The world is going online in a big way and Sony believes it can see just how much. According to the company's chief executive, Sir Howard Stringer, 90 percent of the products made by Sony, including cameras, video players, televisions, will be accessible online by 2011.
Barker Bites Back
A look at some newsy stuff and interesting bits as well as those hopefully amusing byways of technology.
Colin Barker is based in London and is Senior Reporter for ZDNet. He has been writing about the IT business for some 30-plus years. He still enjoys it.
Seagate and Toshiba both launched new disk drives this week offering 500GB capacity which is emerging as the new industry standard for a basic disk drive.The Seagate drive offers 500GB on a single platter of its 3.
AMD is reported to have announced six new 45nm processors to be launched in the third quarter of this year and aimed at business users. The announcement follows AMD's launch of its first 45nm Shanghai processor in November this year.
The Consumer Electronics Show is almost upon us (January 8 to 11, Las Vegas) and as it draws closer so the pre-publicity machines of the computer manufacturers start to grind up to full power, while blowing off excess steam.Dell and Lenovo reportedly have new laptops on the blocks and it appears that Sony may be about to join them.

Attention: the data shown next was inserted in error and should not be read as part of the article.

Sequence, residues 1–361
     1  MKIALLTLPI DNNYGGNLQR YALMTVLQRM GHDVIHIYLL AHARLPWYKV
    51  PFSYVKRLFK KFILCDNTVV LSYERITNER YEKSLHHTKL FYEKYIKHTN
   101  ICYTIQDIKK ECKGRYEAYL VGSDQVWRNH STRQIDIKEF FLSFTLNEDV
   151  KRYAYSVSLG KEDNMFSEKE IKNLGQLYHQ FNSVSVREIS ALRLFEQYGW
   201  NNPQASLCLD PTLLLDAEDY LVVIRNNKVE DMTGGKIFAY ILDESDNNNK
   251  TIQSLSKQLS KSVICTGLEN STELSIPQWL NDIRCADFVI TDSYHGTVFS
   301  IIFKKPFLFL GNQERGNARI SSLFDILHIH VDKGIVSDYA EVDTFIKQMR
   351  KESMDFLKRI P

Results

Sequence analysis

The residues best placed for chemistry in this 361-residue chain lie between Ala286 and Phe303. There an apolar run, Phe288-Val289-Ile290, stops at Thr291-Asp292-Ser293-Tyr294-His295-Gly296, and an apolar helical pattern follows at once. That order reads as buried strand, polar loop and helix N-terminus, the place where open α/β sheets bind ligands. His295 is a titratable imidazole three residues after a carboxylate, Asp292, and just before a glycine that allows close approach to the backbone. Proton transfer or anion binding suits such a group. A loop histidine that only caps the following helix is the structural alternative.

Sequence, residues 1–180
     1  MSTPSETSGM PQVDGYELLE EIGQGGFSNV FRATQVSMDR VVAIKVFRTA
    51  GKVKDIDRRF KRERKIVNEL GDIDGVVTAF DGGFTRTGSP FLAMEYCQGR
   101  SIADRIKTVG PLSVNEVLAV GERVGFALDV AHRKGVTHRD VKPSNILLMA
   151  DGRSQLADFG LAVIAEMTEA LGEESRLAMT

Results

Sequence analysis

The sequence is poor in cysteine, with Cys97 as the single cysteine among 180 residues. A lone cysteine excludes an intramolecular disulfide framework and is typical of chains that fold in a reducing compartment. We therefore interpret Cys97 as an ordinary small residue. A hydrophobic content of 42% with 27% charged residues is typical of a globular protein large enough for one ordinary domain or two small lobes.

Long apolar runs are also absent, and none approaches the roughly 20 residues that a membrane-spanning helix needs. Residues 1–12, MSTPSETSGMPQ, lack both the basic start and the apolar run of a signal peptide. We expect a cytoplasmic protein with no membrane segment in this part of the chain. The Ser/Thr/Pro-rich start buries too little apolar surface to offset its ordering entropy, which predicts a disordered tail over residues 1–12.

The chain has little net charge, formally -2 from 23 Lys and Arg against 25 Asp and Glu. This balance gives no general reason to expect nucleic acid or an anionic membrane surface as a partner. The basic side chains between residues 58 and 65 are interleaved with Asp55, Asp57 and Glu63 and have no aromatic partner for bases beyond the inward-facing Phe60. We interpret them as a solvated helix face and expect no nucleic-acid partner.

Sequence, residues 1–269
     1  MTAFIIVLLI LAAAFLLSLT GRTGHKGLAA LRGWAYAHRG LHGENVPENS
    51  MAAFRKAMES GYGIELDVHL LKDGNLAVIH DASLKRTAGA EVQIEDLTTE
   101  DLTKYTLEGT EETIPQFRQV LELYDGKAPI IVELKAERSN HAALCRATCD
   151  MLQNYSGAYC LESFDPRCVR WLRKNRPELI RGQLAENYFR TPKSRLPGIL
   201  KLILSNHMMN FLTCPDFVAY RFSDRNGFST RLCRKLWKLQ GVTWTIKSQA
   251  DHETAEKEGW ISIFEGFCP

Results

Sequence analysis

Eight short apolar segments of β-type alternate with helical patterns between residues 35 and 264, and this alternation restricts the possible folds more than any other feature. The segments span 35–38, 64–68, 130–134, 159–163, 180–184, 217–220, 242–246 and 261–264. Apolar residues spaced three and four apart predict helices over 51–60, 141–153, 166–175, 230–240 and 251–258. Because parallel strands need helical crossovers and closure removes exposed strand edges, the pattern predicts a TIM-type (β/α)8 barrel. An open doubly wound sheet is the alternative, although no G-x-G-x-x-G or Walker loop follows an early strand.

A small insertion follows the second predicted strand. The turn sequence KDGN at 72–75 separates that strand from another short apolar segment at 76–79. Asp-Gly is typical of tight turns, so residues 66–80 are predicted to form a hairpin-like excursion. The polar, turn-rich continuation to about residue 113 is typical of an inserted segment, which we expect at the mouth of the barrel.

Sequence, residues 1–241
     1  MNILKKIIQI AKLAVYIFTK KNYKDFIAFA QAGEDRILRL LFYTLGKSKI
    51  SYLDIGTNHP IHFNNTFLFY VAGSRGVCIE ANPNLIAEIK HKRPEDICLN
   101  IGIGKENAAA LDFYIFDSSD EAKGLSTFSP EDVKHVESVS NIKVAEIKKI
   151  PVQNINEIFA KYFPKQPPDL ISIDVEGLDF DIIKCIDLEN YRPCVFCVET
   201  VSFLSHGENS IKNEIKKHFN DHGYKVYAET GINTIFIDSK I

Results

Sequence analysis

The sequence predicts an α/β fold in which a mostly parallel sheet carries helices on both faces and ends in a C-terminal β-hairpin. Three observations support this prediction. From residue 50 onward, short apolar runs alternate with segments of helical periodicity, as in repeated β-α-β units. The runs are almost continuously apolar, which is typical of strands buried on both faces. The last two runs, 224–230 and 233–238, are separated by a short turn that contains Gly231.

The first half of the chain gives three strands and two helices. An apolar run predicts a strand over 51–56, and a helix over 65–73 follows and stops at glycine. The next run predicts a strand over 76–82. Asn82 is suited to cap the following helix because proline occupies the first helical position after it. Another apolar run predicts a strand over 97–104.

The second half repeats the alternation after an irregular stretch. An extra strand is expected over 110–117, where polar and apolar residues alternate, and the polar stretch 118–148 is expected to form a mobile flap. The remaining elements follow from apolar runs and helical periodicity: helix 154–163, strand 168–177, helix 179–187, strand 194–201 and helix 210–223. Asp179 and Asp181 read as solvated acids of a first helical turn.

Michael Dell had a meeting with the...
Sun Microsystems said on Wednesday that it has upgraded its x VM VirtualBox desktop virtualisation software to version 2.1.
When HP bought EDS for $13.9bn in may most people understood that HP needed to buy a services company.
The UK's position at the top of the European software industry is under threat according to a report commissioned by Microsoft in partnership with Intellect and the British Computer Society.The report, Developing the Future, is the third in an annual series and this year, for the first time, it includes a "software barometer" which shows the overall trend across the software industry.
Sometimes an executive can deny something while opening the door to speculation. HP offices did that on Tuesday when while maintaining they could see no reason why their company would have an interest in buying Salesforce.
The biggest issue facing Tom Hogan, the senior vice president of HP’s software division, could well be avoiding smugness. Not that Hogan seems to be a smug man or that HP is a smug company.